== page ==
Look through your wardrobe and assemble Basic Pieces (2-5 jackets and/or jerseys/cardigans and 5 skirts and/or pairs of trousers) in the Classic Colours you’ve chosen. What you don’t have will go on your shopping list. (Conscious Shopping will be dealt with in a later article).
You can always add extra pieces later, as money allows, but these relatively few items are more than enough to keep you looking and feeling great. As your knowledge grows, you’ll buy more wisely in the future until you have a wardrobe of timeless clothes which are perfect for you and your lifestyle.
You’ll get much more wear out of Classic Colours as these mix and match better than colours and patterned items. A chocolate brown or taupe jacket or skirt will match with turquoise, lime green, yellow, lilac, red, black, purple, aqua, rust or pink while a red or brightly patterned jacket can be worn in fewer ways.
It’s better to invest more money in what you wear on your top half rather than on your bottom half. Let your trousers and skirts form the basis of your outfit and let your jackets and tops be the real interest. If you have lots of money you can buy skirts and trousers in fuchsia pink or wild patterns, but you won’t get as much mileage out of them.
Add about 10 shirts and/or tops in your Classic Colours and in colours and patterns to add interest, but make sure that the patterns match with the Classic Colours. For example, if grey is one of your Classic Colours, choose a blouse in a pattern of grey, white and black. This blouse can then be worn with your grey, black or white trousers as well as with your jeans and you can personalise these basic outfits by adding red pumps or a cool blue pashmina, silver sandals and lots of silver bracelets, a pale green handbag and a hint of green in your earrings or a lilac cardigan over your shoulders – use your creativity!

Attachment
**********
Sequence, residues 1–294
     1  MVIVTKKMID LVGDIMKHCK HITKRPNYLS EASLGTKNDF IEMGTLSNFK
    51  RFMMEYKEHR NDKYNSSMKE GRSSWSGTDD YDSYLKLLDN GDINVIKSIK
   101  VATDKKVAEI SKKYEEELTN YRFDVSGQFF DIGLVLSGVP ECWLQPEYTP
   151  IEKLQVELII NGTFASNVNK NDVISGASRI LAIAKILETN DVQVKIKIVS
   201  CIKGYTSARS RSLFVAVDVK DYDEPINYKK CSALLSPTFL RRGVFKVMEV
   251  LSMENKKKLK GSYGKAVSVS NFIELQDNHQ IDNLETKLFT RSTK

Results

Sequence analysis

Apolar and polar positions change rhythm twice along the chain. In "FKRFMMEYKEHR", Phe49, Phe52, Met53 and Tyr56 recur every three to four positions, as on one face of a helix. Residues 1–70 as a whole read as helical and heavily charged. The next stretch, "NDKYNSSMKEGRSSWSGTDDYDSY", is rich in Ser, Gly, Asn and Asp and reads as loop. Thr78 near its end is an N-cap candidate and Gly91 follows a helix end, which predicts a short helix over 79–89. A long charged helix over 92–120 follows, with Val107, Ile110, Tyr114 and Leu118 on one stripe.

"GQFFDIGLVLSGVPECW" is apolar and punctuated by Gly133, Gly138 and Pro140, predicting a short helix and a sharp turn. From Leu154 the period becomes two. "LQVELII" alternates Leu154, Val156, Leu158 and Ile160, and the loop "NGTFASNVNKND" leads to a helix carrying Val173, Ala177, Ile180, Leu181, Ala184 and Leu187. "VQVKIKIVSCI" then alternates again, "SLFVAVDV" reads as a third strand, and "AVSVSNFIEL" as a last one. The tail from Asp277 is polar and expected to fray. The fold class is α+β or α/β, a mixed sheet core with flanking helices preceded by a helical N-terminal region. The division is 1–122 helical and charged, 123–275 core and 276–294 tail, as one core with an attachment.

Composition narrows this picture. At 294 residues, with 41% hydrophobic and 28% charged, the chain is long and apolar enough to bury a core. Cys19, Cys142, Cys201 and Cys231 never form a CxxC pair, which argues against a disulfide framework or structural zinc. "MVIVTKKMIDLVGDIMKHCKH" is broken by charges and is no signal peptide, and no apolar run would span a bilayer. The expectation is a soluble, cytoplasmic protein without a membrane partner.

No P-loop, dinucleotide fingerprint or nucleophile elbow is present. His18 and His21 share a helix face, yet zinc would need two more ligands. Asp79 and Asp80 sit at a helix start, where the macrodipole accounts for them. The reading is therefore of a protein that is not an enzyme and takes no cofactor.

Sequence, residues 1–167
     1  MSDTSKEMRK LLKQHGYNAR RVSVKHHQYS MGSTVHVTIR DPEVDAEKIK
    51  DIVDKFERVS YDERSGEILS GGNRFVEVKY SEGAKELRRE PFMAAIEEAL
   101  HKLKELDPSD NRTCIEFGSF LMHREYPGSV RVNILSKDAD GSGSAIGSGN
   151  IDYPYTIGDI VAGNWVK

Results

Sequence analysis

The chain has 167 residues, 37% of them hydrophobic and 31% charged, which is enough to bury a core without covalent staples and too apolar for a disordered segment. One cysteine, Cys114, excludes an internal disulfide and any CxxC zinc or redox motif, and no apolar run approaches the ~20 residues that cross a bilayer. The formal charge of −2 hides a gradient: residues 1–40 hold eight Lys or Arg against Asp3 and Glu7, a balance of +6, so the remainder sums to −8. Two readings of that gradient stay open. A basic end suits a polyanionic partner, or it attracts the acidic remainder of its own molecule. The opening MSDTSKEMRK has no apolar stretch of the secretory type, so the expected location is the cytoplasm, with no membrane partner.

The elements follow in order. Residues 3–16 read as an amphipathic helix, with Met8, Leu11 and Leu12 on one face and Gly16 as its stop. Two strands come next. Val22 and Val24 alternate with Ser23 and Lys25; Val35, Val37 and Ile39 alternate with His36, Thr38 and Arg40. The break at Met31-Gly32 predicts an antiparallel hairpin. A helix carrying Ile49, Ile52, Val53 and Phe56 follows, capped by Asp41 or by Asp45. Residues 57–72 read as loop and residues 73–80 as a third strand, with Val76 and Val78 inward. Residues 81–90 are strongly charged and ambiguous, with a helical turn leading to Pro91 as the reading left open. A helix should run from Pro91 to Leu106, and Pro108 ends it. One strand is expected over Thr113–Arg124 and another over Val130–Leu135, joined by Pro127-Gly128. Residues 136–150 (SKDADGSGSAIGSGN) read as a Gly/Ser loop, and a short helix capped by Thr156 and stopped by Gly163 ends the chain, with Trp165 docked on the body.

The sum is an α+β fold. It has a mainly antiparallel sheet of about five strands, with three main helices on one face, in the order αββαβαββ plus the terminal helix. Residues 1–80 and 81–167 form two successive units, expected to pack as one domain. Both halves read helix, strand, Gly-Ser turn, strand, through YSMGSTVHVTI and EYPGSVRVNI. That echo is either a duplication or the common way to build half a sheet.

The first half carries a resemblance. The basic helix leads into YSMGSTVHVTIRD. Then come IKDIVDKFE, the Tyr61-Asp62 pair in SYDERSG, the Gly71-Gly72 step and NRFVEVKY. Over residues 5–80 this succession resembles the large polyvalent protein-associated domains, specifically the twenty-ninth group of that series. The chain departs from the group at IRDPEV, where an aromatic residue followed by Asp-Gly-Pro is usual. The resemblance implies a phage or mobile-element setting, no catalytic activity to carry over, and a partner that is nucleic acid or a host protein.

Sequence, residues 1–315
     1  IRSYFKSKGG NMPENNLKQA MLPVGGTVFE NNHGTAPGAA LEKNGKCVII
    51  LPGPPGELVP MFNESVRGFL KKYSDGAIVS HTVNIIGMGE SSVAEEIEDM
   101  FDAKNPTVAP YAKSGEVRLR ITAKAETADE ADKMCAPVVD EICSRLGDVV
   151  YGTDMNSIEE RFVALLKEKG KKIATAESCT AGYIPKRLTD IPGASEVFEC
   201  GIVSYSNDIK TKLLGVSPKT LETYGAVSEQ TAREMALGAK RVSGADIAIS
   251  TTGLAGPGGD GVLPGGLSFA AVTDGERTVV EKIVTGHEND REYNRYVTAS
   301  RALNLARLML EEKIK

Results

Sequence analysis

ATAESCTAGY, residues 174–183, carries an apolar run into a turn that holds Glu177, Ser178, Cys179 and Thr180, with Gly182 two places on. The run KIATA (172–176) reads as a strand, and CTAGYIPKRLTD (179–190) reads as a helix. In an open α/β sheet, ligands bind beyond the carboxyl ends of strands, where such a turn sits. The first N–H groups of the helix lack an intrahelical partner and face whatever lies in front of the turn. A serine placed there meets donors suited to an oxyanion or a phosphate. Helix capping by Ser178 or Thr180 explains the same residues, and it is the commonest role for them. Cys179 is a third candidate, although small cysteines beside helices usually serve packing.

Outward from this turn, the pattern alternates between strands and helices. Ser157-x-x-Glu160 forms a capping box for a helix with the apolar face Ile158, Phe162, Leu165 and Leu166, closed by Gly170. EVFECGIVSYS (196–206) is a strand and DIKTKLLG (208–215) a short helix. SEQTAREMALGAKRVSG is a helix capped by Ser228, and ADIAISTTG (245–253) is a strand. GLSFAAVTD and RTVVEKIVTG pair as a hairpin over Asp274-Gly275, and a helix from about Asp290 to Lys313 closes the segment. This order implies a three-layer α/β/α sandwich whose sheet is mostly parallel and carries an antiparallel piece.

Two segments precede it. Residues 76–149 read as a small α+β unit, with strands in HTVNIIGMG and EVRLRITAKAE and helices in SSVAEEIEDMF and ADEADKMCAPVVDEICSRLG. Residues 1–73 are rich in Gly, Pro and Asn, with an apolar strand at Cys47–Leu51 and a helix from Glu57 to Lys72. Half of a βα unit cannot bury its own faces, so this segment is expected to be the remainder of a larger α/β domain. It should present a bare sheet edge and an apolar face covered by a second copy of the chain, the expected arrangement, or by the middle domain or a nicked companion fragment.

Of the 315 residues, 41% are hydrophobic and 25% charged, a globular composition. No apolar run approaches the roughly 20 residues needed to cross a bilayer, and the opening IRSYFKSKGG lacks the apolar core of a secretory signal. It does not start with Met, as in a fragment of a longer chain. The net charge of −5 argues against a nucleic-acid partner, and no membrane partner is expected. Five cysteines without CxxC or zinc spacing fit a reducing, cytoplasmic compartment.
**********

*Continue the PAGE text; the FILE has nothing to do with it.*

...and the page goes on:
The idea is that you have fewer clothes but you wear them all. A wardrobe stuffed with clothes which you never wear is a waste of time and money because, if you never wear them, you may as well not have them. With the Core Wardrobe Plan, you have select items which you mix and match and then personalise with scarves, bags, shoes and jewellery so that you’re expressing your True Self Style Words© in your own personal individual style.
I include a chart for the Core Wardrobe Plan in my book Reclaiming Beauty – Look Like Your True Self as well as examples of what this looks like in practice. You can order from my website www.livingonpurpose.co.za or from www.loot.co.za.
Take some time to organise your own Core Wardobe Plan and you’ll really notice a difference in your life. And you’ll also probably find that it’s no longer necessary to take a Venter trailer away for a weekend to fit in all those extra pairs of shoes!